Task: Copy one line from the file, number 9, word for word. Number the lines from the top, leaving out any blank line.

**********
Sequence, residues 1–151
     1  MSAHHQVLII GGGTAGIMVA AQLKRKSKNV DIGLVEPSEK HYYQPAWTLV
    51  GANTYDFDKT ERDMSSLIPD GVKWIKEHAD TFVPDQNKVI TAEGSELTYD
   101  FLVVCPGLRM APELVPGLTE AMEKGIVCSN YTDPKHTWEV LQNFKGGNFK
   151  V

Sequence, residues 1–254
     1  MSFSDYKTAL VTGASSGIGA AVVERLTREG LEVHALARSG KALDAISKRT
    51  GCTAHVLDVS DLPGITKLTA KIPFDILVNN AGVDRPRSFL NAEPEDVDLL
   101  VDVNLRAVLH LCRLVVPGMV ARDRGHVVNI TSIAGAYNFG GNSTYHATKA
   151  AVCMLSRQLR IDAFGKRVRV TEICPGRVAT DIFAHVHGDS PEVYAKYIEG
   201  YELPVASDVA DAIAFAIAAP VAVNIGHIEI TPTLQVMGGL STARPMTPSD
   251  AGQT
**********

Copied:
   101  VDVNLRAVLH LCRLVVPGMV ARDRGHVVNI TSIAGAYNFG GNSTYHATKA